Murder By Experts was a commercial. By itself, that is not a bad thing. After all, radio itself was built as a means of marketing. The empires of the huge networks were based on selling things. So the last thing on my mind is to berate Experts for being a commercial. In fact, the purpose of this post is to praise it for being such a subtle, yet effective one.
Part of the subtlety came from the fact that Murder By Experts was broadcast over the Mutual Network. NBC and CBS programs were more disciplined, in that they usually had sponsors of their own, or they were sustained by the network until they could find a sponsor. Many Mutual programs were syndicated, meaning that the local broadcaster would insert the local commercials. Because they were syndicated, Mutual programs had to be good enough to sell themselves to the local stations. A show on another network may have been written to appeal to the audience in the big eastern cities, but it was still heard by affiliates in the rural Midwest.
There was little worry about the appeal of Murder By Experts. It was put together by one of the most successful writing teams in radio, David Kogan and Robert A. Arthur. Kogan had grown up on radio drama and pulp fiction stories, and wanted to create stories of his own. While attending class in writing for radio at Columbia University, he met Arthur. Arthur was a world traveler, having grown up in an Army family, had a master’s degree in journalism, and a compulsive need to tell stories. The pair began collaborating on programs for Mutual affiliate WOR.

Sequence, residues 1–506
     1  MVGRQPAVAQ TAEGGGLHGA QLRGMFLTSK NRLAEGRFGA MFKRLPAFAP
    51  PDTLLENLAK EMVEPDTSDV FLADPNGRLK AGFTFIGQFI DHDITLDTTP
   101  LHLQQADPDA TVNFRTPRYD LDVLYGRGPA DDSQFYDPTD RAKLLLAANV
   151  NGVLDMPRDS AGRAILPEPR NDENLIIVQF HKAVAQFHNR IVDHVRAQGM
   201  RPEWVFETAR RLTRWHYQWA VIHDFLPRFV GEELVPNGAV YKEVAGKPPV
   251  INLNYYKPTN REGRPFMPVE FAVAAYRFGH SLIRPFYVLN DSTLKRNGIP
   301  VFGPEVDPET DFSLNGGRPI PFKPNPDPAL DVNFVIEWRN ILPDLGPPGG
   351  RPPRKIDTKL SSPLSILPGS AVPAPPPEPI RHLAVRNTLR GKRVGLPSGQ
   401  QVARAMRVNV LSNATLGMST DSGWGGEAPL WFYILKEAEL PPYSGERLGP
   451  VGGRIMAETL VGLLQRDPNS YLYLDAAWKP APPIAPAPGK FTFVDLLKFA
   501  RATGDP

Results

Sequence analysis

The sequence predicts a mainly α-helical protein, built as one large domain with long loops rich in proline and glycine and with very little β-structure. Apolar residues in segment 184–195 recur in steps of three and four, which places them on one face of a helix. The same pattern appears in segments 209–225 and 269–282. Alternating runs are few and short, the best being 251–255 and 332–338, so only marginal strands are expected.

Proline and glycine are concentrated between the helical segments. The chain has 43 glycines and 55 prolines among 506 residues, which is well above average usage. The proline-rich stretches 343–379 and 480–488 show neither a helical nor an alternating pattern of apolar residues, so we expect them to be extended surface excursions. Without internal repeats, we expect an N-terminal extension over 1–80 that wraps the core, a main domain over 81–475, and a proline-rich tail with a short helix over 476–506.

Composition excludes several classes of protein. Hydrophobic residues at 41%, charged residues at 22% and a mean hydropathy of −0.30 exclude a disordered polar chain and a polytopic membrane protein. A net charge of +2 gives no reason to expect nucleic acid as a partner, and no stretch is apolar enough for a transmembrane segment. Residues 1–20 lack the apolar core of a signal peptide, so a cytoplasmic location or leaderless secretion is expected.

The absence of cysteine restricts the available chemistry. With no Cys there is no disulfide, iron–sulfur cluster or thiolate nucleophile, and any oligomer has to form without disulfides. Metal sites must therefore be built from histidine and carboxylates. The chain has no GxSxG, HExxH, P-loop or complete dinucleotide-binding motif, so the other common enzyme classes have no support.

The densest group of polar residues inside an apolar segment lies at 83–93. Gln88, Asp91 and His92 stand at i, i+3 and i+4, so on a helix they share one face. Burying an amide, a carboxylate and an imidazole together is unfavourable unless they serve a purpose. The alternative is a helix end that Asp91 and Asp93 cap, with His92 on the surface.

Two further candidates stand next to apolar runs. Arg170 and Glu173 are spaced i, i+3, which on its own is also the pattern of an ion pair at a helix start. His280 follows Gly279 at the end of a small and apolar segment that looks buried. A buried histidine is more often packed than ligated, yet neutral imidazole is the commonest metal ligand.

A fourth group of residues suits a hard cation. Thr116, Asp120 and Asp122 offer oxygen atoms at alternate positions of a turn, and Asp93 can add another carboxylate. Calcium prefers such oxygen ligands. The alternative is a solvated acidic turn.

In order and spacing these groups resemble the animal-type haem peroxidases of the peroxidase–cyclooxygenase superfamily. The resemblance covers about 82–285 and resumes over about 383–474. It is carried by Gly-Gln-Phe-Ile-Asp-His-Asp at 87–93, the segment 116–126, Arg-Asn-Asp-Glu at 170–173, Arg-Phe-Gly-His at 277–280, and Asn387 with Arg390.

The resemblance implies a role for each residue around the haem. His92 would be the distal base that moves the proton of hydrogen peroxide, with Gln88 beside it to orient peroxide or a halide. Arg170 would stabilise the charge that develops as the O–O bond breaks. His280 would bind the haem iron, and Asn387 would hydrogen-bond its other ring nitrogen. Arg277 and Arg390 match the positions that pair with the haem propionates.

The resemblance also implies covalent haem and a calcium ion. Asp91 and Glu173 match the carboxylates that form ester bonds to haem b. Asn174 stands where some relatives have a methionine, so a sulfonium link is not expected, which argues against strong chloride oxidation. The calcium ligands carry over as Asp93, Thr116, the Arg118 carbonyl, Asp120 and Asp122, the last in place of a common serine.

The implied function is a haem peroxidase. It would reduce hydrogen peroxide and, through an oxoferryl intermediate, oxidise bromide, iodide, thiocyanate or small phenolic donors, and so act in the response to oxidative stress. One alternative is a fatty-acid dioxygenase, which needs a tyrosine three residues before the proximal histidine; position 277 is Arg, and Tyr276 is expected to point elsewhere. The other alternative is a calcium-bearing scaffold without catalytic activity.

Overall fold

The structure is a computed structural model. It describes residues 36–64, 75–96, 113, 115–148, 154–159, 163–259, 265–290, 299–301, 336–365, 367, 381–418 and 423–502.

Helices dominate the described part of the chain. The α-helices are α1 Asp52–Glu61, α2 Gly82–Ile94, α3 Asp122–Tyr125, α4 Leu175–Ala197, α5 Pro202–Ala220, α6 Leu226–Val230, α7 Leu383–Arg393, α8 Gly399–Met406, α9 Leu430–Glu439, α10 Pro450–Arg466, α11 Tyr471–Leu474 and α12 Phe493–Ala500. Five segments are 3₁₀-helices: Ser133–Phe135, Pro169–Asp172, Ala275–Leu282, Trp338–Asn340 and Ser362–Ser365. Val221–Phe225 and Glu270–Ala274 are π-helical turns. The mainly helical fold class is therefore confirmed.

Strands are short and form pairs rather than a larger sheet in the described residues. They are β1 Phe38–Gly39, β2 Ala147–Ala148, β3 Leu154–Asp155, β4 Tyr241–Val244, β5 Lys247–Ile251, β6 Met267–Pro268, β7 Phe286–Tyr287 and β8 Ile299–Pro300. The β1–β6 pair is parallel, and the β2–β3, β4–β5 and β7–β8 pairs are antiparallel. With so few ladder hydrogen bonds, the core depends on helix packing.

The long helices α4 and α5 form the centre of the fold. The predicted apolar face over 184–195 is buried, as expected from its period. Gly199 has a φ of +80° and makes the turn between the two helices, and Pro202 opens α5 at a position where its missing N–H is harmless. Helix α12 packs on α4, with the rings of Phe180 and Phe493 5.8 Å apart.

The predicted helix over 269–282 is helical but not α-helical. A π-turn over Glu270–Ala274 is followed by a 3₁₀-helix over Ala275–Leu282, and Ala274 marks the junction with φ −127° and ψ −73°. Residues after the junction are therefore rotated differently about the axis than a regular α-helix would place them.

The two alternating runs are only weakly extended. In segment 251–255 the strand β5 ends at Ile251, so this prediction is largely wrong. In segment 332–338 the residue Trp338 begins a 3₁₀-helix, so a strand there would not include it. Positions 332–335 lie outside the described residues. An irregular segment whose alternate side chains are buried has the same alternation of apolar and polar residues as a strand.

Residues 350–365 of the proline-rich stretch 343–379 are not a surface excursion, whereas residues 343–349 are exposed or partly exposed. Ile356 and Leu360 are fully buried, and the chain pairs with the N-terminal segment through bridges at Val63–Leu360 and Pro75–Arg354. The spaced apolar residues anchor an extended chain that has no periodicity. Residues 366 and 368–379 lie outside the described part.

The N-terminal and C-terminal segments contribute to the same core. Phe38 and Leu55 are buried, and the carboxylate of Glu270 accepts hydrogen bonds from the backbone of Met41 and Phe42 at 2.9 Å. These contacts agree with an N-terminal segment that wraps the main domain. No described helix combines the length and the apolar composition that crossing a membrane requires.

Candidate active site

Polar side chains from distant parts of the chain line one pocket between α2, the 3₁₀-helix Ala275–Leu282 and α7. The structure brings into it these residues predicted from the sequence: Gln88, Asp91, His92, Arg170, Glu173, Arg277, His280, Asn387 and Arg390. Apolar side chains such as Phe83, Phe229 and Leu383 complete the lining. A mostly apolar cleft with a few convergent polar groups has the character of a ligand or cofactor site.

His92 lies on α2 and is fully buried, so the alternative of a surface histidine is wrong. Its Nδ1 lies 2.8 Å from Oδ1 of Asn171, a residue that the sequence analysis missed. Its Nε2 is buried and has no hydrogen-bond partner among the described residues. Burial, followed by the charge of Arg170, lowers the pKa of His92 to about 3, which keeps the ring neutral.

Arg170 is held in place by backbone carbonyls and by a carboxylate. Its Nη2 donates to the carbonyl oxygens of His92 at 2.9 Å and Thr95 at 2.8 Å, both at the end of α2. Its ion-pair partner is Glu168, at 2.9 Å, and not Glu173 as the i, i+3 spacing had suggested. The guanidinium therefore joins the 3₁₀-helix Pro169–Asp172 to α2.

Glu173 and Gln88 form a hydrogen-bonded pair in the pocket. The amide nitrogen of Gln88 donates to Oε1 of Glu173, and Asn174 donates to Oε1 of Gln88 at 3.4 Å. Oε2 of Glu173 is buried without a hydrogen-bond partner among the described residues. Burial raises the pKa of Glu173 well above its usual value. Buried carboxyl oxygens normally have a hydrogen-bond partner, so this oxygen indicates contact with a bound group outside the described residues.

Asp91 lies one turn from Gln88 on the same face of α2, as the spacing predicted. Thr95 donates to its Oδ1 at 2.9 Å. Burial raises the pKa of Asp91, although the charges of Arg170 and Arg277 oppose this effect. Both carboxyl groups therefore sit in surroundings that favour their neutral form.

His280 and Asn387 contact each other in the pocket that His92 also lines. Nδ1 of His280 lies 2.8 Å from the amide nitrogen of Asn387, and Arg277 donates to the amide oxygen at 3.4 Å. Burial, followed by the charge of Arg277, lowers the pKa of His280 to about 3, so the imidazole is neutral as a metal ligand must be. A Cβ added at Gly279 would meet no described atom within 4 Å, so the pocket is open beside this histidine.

Their first effort was Dark Destiny, which set their working relationship. Generally, they would begin with a brainstorming session where plotting and characters would be developed. One partner or the other then sat before the typewriter and put the script together, and Kogan would usually finish by directing the show. After Dark Destiny, the duo went on to create their signature program, The Mysterious Traveler, and they also worked on The Sealed Book, Master Detective, Nick Carter and others.
Murder By Experts was a departure for the writing team, but that was the ingenious subtlety of the program. Rather than inventing new plots, they would adapt the recommendation of an â€œexpertâ€, another writer of thriller fiction. The subtlety was that each program would gain attention for three different mystery writers. The first would be the show’s host, John Dickson Carr. By the time of the broadcasts, Carr was already a well recognized name in the Mystery fiction game, but his latest project got a nice plug in each episode (the same would be true of his replacement, Brett Halliday after Carr left the series in mid-1950).
Along with the host, the guest â€œexpertâ€ would get a plug for his latest story as well as giving a plug to the author whose tale was presented in that episode. With their own success seemingly in hand, Kogan and Arthur were willing to do what they could to help other writers to make a living. In fact, it may have led to their demise. Murder By Experts is included in the list of victims of McCarthyism; Kogan and Arthur were involved in the Radio Writers Guild, a labor union which fell under the spotlight of the House Un-American Activities Committee. By then, Experts was already the victim of Mutual’s lack of sponsor support.